capsule review

e-Picture

At a Glance
  • BeatWare e-Picture

Tired of cobbling together Web animations with Adobe Photoshop? Take a look at BeatWare's new e-Picture, a vector-based application designed specifically for creating Web banner ads and small animations. Although it's far from perfect, it offers a decent selection of drawing and animation tools well suited for the task.


If you use a traditional print program such as Photoshop or Macromedia FreeHand, you'll find e-Picture's context-sensitive Inspector palette and tabbed palettes familiar. But don't let looks fool you: e-Picture is very much a Web-graphics utility. Its New Document dialog box, for example, provides a pop-up menu of standard Web-banner and -button sizes.

The Tool palette displays the usual suspects–an assortment of graphics primitives, along with the paintbrush, pencil, paint-bucket, and pen tools. Because e-Picture is vector-based, when you paint a stroke, the program actually creates a vector outline of it. As in Macromedia Flash, this approach gives you all the painterly effects of pixel-based programs, plus the editing power of vector-based illustration. For example, you can change the shape, color, or scale of an object at any time without creating jagged edges or resampled artifacts.

The Inspector palette lets you easily manipulate object properties such as color and line width. e-Picture also sports a nice selection of painterly filters and effects–such as glows, bevels, and blurs–that you can apply to an object. Although e-Picture doesn't support standard Photoshop plug-ins, its own plug-ins are more than adequate for most Web-animation effects.

You get tools for standard text and text on a path, and you can control the font, size, fill, and stroke color. But there are no kerning controls–a major omission in a program that will be used predominantly for creating text elements.

e-Picture provides full layer-agent composting controls. In addition to standard luminance, hue, and logical blending modes, you can also use alpha channels. However, this feature is somewhat buggy–the program often misinterpreted the mask information.

e-Picture can import bitmapped images in a variety of formats. You can't edit the images, but you can place them on layers and animate them with the program's animation tools. Be careful when you import bitmapped files: large, high-resolution files can quickly bring e-Picture to its knees.

e-Picturesque   e-Picture's basic tools let you quickly create simple, keyframed Web animations.

While there's a lot to like in e-Picture, its drawing interface can be frustrating, thanks to several nonintuitive or nonstandard components. For example, once you select the text tool and begin typing text, you can't change any text attributes. Instead, you must finish typing and then change the object's attributes in the Inspector palette. The color picker is also somewhat confusing, requiring double clicks where most programs require single clicks. Quibbles? Sure. But these factors are intrusive enough that you'll find yourself focusing more on the program's mechanics than on your design.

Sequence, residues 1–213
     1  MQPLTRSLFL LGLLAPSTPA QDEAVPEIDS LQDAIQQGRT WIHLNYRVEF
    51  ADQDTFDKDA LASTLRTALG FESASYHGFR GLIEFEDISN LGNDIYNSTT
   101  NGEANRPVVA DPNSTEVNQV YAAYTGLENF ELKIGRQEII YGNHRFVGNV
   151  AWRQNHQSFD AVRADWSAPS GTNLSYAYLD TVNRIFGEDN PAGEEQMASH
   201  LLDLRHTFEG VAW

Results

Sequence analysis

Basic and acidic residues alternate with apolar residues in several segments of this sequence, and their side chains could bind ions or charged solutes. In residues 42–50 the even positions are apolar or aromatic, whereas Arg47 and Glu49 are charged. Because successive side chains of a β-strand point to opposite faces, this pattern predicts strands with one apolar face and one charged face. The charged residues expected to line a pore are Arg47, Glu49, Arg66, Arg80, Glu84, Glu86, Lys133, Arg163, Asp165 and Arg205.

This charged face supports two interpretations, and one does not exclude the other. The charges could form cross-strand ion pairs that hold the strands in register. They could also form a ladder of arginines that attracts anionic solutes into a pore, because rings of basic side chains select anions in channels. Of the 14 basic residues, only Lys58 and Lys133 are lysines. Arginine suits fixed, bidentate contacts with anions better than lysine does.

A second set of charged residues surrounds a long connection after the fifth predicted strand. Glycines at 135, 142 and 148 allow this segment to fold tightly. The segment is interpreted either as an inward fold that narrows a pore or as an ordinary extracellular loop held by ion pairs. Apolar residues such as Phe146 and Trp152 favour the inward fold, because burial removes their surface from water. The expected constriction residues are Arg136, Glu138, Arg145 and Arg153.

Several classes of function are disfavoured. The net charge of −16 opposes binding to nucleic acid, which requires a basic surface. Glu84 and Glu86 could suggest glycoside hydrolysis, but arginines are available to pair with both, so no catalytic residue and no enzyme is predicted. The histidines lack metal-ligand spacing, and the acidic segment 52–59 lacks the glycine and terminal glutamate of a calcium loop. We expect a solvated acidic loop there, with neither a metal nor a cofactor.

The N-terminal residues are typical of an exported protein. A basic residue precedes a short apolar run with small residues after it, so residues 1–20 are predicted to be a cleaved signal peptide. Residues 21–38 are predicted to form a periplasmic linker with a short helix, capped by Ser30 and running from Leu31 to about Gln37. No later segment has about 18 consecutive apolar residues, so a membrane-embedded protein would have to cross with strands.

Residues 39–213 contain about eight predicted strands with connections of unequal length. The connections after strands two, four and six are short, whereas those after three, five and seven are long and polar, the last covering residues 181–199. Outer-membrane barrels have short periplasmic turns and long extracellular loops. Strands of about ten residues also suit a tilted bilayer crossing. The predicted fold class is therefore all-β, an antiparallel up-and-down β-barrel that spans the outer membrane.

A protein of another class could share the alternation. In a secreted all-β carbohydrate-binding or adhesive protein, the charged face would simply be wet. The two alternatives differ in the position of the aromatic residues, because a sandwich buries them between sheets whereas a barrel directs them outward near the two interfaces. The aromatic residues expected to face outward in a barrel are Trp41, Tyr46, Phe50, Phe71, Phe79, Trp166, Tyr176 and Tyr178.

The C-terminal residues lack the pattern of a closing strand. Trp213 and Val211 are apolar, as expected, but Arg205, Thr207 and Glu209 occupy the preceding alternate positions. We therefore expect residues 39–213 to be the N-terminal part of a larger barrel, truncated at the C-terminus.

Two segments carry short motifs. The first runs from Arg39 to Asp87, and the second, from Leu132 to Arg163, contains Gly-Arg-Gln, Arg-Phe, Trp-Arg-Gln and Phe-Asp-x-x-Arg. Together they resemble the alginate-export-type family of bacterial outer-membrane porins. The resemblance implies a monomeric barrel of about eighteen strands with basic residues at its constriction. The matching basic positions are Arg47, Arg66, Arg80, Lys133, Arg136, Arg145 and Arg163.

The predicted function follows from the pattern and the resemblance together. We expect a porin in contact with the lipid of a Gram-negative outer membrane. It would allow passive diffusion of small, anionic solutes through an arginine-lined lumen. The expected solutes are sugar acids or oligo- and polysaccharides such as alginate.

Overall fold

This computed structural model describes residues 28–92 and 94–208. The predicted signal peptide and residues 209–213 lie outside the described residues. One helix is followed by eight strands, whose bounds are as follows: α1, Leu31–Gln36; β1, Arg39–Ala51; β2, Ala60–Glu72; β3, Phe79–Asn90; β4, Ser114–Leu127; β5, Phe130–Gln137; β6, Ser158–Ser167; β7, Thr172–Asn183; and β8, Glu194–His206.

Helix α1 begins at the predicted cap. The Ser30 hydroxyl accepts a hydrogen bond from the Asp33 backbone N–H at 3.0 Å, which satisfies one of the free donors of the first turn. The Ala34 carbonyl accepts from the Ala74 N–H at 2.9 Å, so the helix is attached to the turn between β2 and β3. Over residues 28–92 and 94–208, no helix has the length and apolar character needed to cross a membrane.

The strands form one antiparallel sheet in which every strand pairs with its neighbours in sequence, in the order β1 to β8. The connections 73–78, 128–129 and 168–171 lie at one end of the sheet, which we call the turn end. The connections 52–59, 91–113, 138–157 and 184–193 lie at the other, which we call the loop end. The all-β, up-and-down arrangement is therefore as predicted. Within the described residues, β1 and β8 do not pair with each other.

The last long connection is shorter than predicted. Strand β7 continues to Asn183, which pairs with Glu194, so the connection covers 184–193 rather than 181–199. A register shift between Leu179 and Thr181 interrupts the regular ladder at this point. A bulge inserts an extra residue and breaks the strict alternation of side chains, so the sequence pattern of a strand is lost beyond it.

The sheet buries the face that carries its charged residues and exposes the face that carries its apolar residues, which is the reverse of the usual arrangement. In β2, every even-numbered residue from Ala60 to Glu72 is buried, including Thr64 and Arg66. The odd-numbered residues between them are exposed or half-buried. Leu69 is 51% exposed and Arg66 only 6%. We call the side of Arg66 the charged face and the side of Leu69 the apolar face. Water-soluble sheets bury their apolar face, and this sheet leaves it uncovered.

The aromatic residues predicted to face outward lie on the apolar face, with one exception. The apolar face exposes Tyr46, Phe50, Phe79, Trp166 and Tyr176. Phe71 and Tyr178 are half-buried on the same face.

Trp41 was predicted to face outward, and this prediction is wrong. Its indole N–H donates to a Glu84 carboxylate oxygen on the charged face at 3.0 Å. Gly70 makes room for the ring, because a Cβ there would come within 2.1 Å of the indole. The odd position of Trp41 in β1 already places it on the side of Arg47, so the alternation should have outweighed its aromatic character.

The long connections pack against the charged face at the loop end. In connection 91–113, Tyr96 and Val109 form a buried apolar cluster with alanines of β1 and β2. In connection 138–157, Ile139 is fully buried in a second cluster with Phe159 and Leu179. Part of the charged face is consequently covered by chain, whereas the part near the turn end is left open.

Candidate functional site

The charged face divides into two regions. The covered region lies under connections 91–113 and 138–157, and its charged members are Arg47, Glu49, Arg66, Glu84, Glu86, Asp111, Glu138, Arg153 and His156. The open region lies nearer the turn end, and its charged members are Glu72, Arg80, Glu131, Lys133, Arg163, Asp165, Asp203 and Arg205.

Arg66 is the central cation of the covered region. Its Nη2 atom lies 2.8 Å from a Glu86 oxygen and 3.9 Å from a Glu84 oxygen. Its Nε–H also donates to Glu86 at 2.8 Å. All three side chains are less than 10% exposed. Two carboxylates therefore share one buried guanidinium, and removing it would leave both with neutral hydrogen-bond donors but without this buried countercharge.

Because Web banners must be small and simple, the animations within them must be compact and composed of a small number of frames. For the most part, e-Picture's tools are just right for this level of animation.

You can use the program's basic animation tools to set keyframes for an object; e-Picture then generates all of the intervening frames to create a smooth animation. But the program's biggest animation strength is its ability to animate every property of an object–its position, scale, line width, and color, as well as any filters and effects applied to the object. Thus, it's easy to create drop shadows that change depths, glows that pulsate, and bevels that deepen and thicken.

e-Picture also lets you add 3-D animations to your banners. Although the program has no 3-D-modeling tools, it can quickly render small 3-D models created in NewTek LightWave 3D or any DXF-compatible modelers. You can animate the position, rotation, and skew of these models just as you can any other property.

As with the drawing interface, e-Picture's animation interface causes its share of annoyances. For example, when you drag a graphic from one location to another to set a keyframe, e-Picture doesn't display a motion path, making it extremely difficult to accurately place the graphic. Expect to do lots of undoing. Furthermore, the program doesn't offer automatic controls for acceleration or deceleration, or for creating motion along a curve. We'd also like a simple motion-blur feature.

e-Picture supports the GIF, JPEG, and PNG file formats. e-Picture's export window–like those of Adobe ImageReady and Macromedia FireWorks–can be split to let you view the results of different compression algorithms side by side. And like ImageReady and FireWorks, e-Picture can also generate and export animated Java rollover buttons.


There's nothing revolutionary about e-Picture, but it gives designers a solid, mostly well conceived environment for creating simple Web animations. Despite its quirks, e-Picture is a decent, affordable tool for those who make their living producing banner ads.

February 2000 page: 44

At a Glance
  • Pros

    • Nice mix of paint and vector tools
    • Streamlined interface for creating simple Web animations

    Cons

    • No visible motion paths
    • No motion-blur or velocity controls
    • Interface has its nonintuitive moments
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